GABA-B receptor agonist. Its beneficial effects in spasticity result from actions at spinal and supraspinal sites. Blocks mono-and-polysynaptic reflexes by acting as an inhibitory neurotransmitter, blocking the release of excitatory transmitters.


Spasticity: Start 5 mg orally three times daily, increase every 3 days to 20 mg orally three times daily. Max dose: 20 mg orally four times daily (80mg/day).
Hiccups (unlabeled use): 10-20 mg 2-3 times/day.


Injection (soln) intrathecal [preservative free] (Lioresal®):

50 mcg/mL (1 mL)

500 mcg/mL (20 mL)

2000 mcg/mL (5 mL).

Tablet: 10 mg, 20 mg



  • Test dose: 50-100 mcg, doses >50 mcg should be given in 25 mcg increments, separated by 24 hours.
  • A screening dose of 25 mcg may be considered in very small patients.
  • Patients not responding to screening dose of 100 mcg should not be considered for chronic infusion/implanted pump.
  • Maintenance: After positive response to test dose, a maintenance intrathecal infusion can be administered via an implanted intrathecal pump. Initial dose via pump: Infusion at a 24-hourly rate dosed at twice the test dose. Avoid abrupt discontinuation.




Bendroflumethiazide is a thiazide diuretic. These act mainly on the early segment of the distal tubule by inhibiting Na+ and Cl reabsorption. This leads to increased Na+ and Cl excretion and therefore increased water secretion.


  • Hypertension
  • Oedema caused by cardiac failure
  • Oedema caused by diabetes insipidus


  • PO
    • 5mg and 5mg tablets.


  • For oedema
    • Initially 5-10mg once daily or on alternative days, dose to be taken in the morning, then maintenance 5-10mg 1-3 times a week.
  • For hypertension
    • 5 mg daily, dose to be taken in the morning, higher doses are rarely necessary



  • Hypersensitivity to Bendroflumethiazide or other sulphonamides
  • Hypokalaemia can occur with both thiazide and loop diuretics. The risk of hypokalaemia depends is greater with thiazides than with an equipotent dose of a loop diuretic
  • Cirrhosis (risk of development of hepatic encephalopathy)
  • Thiazides and related diuretics can exacerbate diabetes, gout, and systemic lupus erythematosus.
  • Lower initial doses of diuretics should be used in the elderly because they are particularly susceptible to the side-effects.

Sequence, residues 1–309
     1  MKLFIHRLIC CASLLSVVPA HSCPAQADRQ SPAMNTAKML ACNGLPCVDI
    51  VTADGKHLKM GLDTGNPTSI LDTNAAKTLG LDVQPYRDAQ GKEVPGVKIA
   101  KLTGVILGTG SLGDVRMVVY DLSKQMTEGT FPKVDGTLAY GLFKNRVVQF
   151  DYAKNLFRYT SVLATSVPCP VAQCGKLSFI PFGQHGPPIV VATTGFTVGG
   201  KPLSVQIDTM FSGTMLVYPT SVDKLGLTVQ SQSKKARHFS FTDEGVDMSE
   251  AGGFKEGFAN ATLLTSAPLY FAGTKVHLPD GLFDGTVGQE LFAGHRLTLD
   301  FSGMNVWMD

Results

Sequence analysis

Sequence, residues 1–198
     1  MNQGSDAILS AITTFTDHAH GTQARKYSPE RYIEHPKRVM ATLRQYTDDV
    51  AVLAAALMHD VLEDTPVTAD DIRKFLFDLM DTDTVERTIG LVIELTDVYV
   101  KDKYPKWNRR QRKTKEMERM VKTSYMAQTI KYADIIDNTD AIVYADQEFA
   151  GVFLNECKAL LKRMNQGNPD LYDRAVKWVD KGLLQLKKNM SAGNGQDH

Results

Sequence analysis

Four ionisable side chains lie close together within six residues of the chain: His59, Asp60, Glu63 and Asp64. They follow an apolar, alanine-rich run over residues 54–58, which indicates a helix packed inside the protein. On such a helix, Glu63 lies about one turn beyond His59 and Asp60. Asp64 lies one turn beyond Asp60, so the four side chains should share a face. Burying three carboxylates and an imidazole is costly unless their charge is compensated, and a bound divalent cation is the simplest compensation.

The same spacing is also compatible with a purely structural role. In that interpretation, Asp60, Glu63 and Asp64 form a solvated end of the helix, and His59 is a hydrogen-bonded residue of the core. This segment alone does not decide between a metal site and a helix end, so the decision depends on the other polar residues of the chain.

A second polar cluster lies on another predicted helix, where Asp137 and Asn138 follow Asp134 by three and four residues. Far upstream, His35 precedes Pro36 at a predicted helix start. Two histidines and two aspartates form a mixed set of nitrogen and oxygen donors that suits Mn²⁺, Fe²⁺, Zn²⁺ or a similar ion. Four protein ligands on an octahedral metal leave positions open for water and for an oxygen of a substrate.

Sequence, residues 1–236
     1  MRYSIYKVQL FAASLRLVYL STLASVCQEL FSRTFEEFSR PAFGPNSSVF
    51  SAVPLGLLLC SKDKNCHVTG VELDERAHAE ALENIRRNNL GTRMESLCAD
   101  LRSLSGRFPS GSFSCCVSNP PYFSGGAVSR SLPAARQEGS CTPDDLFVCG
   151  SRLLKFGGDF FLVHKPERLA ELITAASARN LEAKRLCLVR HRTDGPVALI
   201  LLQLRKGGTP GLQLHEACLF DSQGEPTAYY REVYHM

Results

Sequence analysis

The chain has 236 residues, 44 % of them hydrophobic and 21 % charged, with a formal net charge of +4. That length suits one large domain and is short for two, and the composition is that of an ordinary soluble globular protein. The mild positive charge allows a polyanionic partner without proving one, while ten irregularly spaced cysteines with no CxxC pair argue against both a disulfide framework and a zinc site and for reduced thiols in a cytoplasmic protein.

• RARE
    • Agranulocytosis, blood disorders, impotence, leucopenia, thrombocytopenia




Penicillins contain a b-lactam ring fused with a thiazolidine ring. Penicillins are bactericidal antibiotics that inhibit cell wall synthesis. When gram-positive bacteria are exposed to b-lactams, growth continues but with reduced cross-linkage of peptidoglycan resulting in weakening of the cell wall and lysis.


  • Gram +ve cocci
  • Meningococcal infections
  • Mild-moderate susceptible infections
  • Throat infections
  • Otitis Media
  • Cellulitis
  • Pneumonia
  • Endocarditis
  • Anthrax (in combination with other antimicrobials)
  • Intrapartum prophylaxis against group B streptococcal infection


  • IV/IM
    • 600mg and 1.2g powder for solution for injection vials. Dissolve in at least 8mL of water for injection



For pneumonia

By IM, or by slow IV injection, or by intravenous infusion. 0.6–1.2 g every 6 hours, dose may be increased if necessary in more serious infections, single doses over 1.2 g to be given by intravenous route only.

For endocarditis

By slow IV injection, or by intravenous infusion. 1.2g every 4 hours, increased if necessary to 2.4g every 4 hours, dose may be increased in infections such as enterococcal endocarditis.

For meningitis

By slow IV injection, or by intravenous infusion. 2.4g every 4 hours.


  • Hypersensitivity to Penicillins
  • Accumulation of sodium from injection can occur with high doses


  • Anaphylaxis, angioedema, diarrhoea, fever, hypersensitivity reactions, joint pains, rashes, serum sickness-like reaction, urticaria


  • Cerebral irritation, CNS toxicity (including convulsions), coagulation disorders, encephalopathy, haemolytic anaemia, interstitial nephritis, leucopenia, thrombocytopenia




Bisoprolol is a cardioselective β1-adrenergic blocking agent used for secondary prevention of myocardial infarction (MI), heart failure, angina pectoris and mild to moderate hypertension. Bisoprolol competitively blocks the β1-adrenoceptor thus blocking the activation of the signalling cascade which is normally activated by adrenaline and noradrenaline stimulation. This decreases the adrenergic tone of the heart and pacemaker cell activity.


  • Myocardial infarction
  • Heart failure
  • Angina
  • Hypertension


  • PO
    • 25mg, 2.5mg, 3.75mg, 5mg, 7.5mg and 10mg tablet


For angina

  • 5–10 mg once daily; maximum 20 mg per day.

For adjunct in heart failure

  • By Initially 1.25 mg once daily for 1 week, dose to be taken in the morning, then increased if tolerated to 2.5 mg once daily for 1 week, then increased if tolerated to 3.75 mg once daily for 1 week, then increased if tolerated to 5 mg once daily for 4 weeks, then increased if tolerated to 7.5 mg once daily for 4 weeks, then increased if tolerated to 10 mg once daily; maximum 10 mg per day.


  • Hypersensitivity to Bisoprolol
  • Contraindicated in patients who suffer from bronchospasm
  • Contraindicated in: Asthma, cardiogenic shock, hypotension, marked bradycardia, metabolic acidosis, phaeochromocytoma (apart from specific use with alpha-blockers), Prinzmetal’s angina, second-degree AV block, severe peripheral arterial disease, sick sinus syndrome, third-degree AV block, uncontrolled heart failure
  • Acute or decompensated heart failure requiring intravenous inotropes, sino-atrial block


  • Cramp, depression, muscle weakness


  • Dry eyes, hypertriglyceridaemia, hearing impairment, syncope


Section Editor: Dr Paul Efthymiou

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